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A South German baroque pewter, brass and tortoiseshell Boulle marquetry cabinet on stand, Munich or Vienna, circa 1710
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10
A South German baroque pewter, brass and tortoiseshell Boulle marquetry cabinet on stand, Munich or Vienna, circa 1710
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Details & Cataloguing

Of Royal and Noble Descent

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A South German baroque pewter, brass and tortoiseshell Boulle marquetry cabinet on stand, Munich or Vienna, circa 1710
the domed superstructure of serpentine outline centred by a cupboard door and flanked on each side by an arrangement of four drawers, the lower section with eight further drawers, on square tapering legs joined by a stretcher, the central panelled door inlays altered
188cm. high, 122cm. wide, 61cm. deep; 6ft. 2in., 4ft., 2ft.
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Provenance

Sold Dorotheum, Vienna, Nachlass Christomanos Meran / Kunstgegenstände aus privatbesitz, 1913, lot 500;

By repute, Luigi Moroni, Conte di Loreto;

Thence by descent to the current owner.

Literature

Related literature

R. Eikelmann (ed.), Prunkmöbel am Müncher Hof, Munich, 2011;

G. Hojer, H. Ottomeyer (eds.), Die Möbel der Residenz München, Munich, 1996;

H. Kreisel, Die Kunst des deutschen Möbels, vol. II, Munich, 1973;

M. Riccardi-Cubitt, The Art of the Cabinet, London, 1992.

Catalogue Note

In the first three decades of the 18th century, the so-called “Boulle” marquetry technique enjoyed particular fortune in the German-speaking world, most notably in Southern Germany, Munich and Vienna. This was a direct result of Bavaria's historical alliance to France, where Maximilian II Emanuel of Bavaria (1662-1726) had sought refuge during the War of the Spanish Succession from 1708 to 1715.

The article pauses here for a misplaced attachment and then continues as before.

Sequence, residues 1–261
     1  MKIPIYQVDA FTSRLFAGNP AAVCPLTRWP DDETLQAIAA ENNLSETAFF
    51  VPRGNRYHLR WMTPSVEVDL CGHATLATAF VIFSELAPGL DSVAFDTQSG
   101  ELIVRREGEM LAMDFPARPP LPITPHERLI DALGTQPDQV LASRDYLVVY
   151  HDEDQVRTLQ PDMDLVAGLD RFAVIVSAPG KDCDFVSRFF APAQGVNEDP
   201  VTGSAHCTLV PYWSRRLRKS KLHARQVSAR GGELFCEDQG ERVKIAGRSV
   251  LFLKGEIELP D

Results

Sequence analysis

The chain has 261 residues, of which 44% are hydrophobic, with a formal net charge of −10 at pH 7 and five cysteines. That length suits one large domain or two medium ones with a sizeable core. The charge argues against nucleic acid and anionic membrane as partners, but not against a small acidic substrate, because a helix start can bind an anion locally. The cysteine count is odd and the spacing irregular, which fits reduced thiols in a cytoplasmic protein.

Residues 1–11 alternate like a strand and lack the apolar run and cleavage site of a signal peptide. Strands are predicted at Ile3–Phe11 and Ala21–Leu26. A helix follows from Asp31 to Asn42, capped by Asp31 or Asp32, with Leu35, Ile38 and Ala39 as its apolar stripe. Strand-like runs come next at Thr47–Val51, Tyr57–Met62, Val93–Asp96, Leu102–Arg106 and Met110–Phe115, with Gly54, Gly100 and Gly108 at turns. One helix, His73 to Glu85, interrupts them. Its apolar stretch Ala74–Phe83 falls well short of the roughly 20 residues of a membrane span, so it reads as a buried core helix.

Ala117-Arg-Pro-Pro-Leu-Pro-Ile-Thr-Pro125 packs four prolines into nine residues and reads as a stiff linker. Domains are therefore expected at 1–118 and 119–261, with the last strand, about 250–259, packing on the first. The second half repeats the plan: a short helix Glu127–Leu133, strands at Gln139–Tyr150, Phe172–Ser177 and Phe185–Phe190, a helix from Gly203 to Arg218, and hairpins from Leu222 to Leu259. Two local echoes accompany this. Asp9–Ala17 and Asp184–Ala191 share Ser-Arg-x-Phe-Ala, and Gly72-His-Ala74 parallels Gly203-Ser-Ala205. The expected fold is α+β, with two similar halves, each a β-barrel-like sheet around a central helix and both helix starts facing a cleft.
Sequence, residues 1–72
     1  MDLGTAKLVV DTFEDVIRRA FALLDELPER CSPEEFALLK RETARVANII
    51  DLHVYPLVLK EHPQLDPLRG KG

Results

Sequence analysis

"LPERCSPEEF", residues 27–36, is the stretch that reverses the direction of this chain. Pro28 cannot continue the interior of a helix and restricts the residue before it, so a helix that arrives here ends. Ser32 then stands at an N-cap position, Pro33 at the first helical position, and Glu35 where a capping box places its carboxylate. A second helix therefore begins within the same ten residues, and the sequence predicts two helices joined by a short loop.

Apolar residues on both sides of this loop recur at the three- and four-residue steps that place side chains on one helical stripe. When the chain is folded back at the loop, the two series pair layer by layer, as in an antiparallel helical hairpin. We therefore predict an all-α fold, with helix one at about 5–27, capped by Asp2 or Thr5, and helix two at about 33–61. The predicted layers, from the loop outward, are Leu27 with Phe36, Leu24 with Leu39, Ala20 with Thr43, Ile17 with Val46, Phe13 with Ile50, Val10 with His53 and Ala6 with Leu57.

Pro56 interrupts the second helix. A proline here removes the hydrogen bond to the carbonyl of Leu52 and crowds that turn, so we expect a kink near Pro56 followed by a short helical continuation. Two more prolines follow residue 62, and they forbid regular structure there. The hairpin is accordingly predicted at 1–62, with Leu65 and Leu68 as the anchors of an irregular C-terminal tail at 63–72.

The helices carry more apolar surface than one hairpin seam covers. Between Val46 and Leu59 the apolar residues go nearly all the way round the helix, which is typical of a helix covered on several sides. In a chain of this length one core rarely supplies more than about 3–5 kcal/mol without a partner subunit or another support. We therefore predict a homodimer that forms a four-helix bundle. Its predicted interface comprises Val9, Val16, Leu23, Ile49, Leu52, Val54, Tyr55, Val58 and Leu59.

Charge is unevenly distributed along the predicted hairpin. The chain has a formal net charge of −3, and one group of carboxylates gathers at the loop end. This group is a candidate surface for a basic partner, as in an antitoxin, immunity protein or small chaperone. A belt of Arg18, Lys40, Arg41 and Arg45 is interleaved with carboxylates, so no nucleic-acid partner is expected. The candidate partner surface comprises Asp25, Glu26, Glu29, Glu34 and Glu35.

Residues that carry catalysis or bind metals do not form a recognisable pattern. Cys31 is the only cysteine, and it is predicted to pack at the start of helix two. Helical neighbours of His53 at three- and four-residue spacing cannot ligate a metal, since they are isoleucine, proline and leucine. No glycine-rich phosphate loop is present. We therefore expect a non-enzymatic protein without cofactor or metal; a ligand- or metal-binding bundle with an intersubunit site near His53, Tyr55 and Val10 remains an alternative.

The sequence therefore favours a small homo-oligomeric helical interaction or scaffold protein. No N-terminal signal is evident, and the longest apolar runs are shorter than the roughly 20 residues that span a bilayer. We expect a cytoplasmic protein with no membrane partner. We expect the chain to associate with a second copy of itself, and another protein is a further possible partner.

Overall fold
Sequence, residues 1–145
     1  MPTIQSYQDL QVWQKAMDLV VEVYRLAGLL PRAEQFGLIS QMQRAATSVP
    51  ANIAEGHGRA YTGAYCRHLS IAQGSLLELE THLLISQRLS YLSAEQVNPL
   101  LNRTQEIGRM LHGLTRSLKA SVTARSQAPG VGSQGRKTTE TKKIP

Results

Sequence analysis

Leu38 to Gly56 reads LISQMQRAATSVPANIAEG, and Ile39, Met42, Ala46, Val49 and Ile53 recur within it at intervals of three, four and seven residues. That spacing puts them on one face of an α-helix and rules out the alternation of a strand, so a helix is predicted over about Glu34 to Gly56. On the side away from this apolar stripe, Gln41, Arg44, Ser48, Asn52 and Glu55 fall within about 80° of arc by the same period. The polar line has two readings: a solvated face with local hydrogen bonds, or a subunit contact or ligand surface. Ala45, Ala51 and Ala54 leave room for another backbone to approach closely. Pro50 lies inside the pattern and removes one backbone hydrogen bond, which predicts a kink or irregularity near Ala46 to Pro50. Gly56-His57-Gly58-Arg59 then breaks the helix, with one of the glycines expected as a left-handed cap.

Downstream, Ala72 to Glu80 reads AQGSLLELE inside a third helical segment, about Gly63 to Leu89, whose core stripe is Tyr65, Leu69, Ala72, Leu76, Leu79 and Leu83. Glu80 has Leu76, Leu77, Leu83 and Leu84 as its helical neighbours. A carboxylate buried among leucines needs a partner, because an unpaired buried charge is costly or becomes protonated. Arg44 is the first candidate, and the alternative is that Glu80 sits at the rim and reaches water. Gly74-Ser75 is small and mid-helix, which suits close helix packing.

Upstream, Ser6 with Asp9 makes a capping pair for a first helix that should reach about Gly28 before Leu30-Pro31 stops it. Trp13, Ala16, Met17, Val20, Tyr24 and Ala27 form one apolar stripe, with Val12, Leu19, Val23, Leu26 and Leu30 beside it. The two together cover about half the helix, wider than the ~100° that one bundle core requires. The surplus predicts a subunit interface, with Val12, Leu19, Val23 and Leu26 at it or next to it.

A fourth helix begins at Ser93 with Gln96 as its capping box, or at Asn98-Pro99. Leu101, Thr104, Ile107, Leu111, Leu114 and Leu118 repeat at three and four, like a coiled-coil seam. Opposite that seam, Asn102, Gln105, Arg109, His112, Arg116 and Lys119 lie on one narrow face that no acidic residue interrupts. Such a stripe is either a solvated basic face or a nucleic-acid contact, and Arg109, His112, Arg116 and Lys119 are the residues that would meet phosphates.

Master cabinet-makers such as Ferdinand Plitzner, Johann Puchwiser, the Master CSB, Johann Heinrich Purckhart, Valentin Zindtner, and Hendrik van Soest - some of whom had studied in Paris - all excelled in this art, but did not restrict themselves to pure imitation; rather, they developed the technique that had been mastered by André-Charles Boulle (1642-1732), adapting it to a German taste distinguished by a marked preference for tortoiseshell with red and blue underlays, the contrast between pewter and brass, and elaborate, late-Baroque architectonic designs.

If the French favoured clock cases, commodes and armoires, the Germans excelled in making monumental Schreibschränke, or bureaux-cabinets, perhaps the greatest examples of which are the pair in première- and contre-partie by Puchwiser, circa 1704-1715, in the Bayerisches Nationalmuseum, Munich, formerly at Schloss Schleißheim in the collection of the Royal House of Wittelsbach (inv. nos. R 3891 and R 3890). The decorative repertoire on these pieces, is often and sometimes faithfully, based upon engravings by or after Jean Bérain (1640-1711), sometimes mediated by the fantasy of German ornemanistes such as Paul Decker (1677-1713).

While the overall outline can be compared to the Munich pair, the marquetry on the present bureau - lacking any figurative element - relates it to a Schreibstisch in première partie in the Hofburg, Wien (ill. in R. Eikelmann, op. cit., p. 21), as well as to a pair of Schreibkommoden, or bureaux Mazarin, also by Puchwiser, in the Residenz Munich (inv. nos. BNM R 3363 and 3364, ill. in G. Hojer, H. Ottomeyer, op. cit., pp. 278-79, cat. 79). A nearly identical example of cabinet on stand with domed top and with faux-drawer marquetry on its central door, is illustrated in M. Riccardi-Cubitt, op. cit., 106, ill. 56 (fig. 1),  and was offered Sotheby's London, Important Continental Furniture, Tapestries and Clocks, 20-27 May 1988, lot 178.

Of Royal and Noble Descent

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London